Brain. Seeing. Not speaking.

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Brain region discovered that only processes spoken, not written words. Patients in a new study were able to comprehend words that were written but not said aloud. They could write the names of things they saw but not verbalize them. For instance, if a patient in the study saw the word ‘hippopotamus’ written on a piece of paper, they could identify a hippopotamus in flashcards. But when that patient heard someone say ‘hippopotamus,’ they could not point to the picture of the animal.

“They had trouble naming it aloud but did not have trouble with visual cues,” said senior author Sandra Weintraub, professor of psychiatry and behavioral sciences and neurology at Northwestern University Feinberg School of Medicine. “We always think of these degenerative diseases as causing widespread impairment, but in early stages, we’re learning that neurodegenerative disease can be selective with which areas of the brain it attacks.” (1)

Spoken words.

Written words.

Mute.

Words expressed can never convey any message.

It is this silence which holds the dearest secrets.

Within its mist you rediscover yourself.

Staying silent.

Holding still.

Outside the realm of words.

Staying speechless.

And yet feeling full.

For this is the only place where things which cannot be expressed…

Can ever be expressed…

Listening to words…

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For humans to achieve accurate speech recognition and communicate with one another, the auditory system must recognize distinct categories of sounds – such as words – from a continuous incoming stream of sounds. This task becomes complicated when considering the variability in sounds produced by individuals with different accents, pitches, or intonations. In a new paper, researchers detail a computational model that explores how the auditory system tackles this complex task. (1)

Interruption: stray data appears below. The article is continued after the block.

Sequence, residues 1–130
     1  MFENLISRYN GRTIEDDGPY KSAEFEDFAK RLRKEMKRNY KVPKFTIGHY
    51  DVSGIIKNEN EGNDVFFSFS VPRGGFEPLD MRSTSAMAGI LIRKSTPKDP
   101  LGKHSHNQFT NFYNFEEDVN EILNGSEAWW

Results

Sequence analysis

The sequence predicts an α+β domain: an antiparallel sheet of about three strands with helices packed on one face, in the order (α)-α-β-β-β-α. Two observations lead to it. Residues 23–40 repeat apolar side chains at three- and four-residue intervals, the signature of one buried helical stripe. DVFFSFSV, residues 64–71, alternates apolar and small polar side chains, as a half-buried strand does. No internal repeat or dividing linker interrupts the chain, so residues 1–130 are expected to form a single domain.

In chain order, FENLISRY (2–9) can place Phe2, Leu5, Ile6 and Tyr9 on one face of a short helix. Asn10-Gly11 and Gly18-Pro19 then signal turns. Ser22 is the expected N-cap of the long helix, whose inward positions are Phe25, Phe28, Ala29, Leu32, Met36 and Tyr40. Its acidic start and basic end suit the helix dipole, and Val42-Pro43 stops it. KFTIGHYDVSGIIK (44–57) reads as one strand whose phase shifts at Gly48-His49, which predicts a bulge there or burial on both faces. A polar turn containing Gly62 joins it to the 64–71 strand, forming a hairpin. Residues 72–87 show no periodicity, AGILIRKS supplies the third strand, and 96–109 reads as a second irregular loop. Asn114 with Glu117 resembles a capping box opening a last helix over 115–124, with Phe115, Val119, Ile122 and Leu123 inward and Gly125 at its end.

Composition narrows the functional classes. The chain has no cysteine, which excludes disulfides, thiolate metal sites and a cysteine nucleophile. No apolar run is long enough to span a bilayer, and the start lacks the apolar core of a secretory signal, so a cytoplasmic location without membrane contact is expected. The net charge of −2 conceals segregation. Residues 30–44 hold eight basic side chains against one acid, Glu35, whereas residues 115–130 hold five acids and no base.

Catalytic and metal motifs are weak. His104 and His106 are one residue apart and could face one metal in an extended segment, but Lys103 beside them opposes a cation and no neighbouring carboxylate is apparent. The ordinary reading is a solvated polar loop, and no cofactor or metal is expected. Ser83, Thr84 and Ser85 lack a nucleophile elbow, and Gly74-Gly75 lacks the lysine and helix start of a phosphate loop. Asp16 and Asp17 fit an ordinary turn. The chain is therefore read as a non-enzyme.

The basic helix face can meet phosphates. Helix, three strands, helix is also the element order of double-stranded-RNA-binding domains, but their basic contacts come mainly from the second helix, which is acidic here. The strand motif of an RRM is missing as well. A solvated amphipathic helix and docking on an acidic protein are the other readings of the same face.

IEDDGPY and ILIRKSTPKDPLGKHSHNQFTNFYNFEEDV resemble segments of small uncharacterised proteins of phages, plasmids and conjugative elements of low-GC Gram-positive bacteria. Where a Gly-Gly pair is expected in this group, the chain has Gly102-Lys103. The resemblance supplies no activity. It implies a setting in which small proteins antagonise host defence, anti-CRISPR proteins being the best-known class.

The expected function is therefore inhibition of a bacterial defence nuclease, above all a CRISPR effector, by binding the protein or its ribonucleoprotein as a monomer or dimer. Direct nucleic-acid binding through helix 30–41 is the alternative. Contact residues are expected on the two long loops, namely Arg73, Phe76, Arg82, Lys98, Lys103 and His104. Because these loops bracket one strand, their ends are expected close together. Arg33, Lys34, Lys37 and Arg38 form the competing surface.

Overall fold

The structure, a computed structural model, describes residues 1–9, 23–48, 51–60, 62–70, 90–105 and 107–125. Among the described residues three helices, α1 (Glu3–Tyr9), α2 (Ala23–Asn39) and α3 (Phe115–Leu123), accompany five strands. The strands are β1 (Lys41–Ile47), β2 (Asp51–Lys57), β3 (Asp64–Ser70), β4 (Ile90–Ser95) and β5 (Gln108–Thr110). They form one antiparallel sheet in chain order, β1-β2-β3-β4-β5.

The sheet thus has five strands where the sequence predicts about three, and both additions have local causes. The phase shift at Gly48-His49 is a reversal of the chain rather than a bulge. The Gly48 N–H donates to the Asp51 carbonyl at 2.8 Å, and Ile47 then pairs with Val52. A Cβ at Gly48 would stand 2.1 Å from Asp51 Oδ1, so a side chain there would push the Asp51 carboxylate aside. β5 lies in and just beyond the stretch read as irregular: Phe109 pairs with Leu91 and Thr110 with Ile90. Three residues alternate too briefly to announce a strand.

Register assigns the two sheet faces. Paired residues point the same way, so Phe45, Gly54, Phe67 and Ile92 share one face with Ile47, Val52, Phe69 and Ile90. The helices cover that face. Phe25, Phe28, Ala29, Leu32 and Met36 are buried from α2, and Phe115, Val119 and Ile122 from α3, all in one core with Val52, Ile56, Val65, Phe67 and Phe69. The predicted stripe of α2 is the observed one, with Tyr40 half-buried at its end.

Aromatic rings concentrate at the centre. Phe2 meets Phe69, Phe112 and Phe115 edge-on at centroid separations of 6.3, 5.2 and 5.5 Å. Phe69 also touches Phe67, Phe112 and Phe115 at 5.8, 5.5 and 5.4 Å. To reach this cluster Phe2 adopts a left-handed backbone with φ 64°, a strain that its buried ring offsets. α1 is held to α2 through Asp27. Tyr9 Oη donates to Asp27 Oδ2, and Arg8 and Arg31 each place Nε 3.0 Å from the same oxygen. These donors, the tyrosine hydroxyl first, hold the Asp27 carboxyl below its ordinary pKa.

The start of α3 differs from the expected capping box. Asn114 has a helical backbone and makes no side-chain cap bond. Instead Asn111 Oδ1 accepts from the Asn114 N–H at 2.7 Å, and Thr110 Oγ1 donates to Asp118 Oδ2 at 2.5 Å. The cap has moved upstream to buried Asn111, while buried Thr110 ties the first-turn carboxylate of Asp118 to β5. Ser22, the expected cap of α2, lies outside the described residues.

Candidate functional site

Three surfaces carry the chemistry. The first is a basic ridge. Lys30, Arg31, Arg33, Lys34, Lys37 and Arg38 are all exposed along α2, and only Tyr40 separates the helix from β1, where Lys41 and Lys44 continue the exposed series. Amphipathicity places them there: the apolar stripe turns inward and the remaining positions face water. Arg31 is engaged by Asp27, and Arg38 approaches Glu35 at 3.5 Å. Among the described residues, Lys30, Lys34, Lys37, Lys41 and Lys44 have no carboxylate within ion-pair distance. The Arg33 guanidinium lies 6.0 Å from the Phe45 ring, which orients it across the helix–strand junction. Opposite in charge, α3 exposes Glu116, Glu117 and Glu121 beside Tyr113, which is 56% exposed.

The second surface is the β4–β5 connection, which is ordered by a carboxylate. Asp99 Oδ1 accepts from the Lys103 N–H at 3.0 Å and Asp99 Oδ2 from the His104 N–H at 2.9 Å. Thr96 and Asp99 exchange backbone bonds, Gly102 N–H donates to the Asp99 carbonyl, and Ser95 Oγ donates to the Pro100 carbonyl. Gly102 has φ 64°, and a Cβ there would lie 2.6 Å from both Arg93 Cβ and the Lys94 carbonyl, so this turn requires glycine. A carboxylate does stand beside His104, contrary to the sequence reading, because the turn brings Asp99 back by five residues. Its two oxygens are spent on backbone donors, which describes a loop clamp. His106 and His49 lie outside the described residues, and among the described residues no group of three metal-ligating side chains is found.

In the beginning there was silence.

And then… noise.

Noise cancelling everything out.

With time, we managed to get used to it.

In time, we managed to recognize words.

And we thought we discovered Logos.

Meaning out of nothingness.

Order out of chaos.

But there can be no such thing.

For chaos is chaos.

And noise is noise.

Listen carefully.

Beyond the words.

And you will see the void.

Don’t be afraid of that void.

For it is you.

Unique.

Alone.

Complete.

Staying silent.

Listening to everything…

Before it was ever spoken…

Stop listening to the music…

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How listening to music ‘significantly impairs’ creativity: The popular view that music enhances creativity has been challenged by researchers who say it has the oppositeeffect. Psychologists investigated the impact of background music on performance by presenting people with verbal insight problems that are believed to tap creativity. They found that background music ‘significantly impaired’ people’s ability to complete tasks testing verbal creativity – but there was no effect for background library noise. (1)

If you want to create music, you must stop listening to music…

If you want to write a great novel, never spend much time reading great novels…

Listen to the whispers in the wind.

If you want to understand them, just stop whispering yourself…

There is wisdom in the silence of the ocean…

But you must drown in it in order to hear it…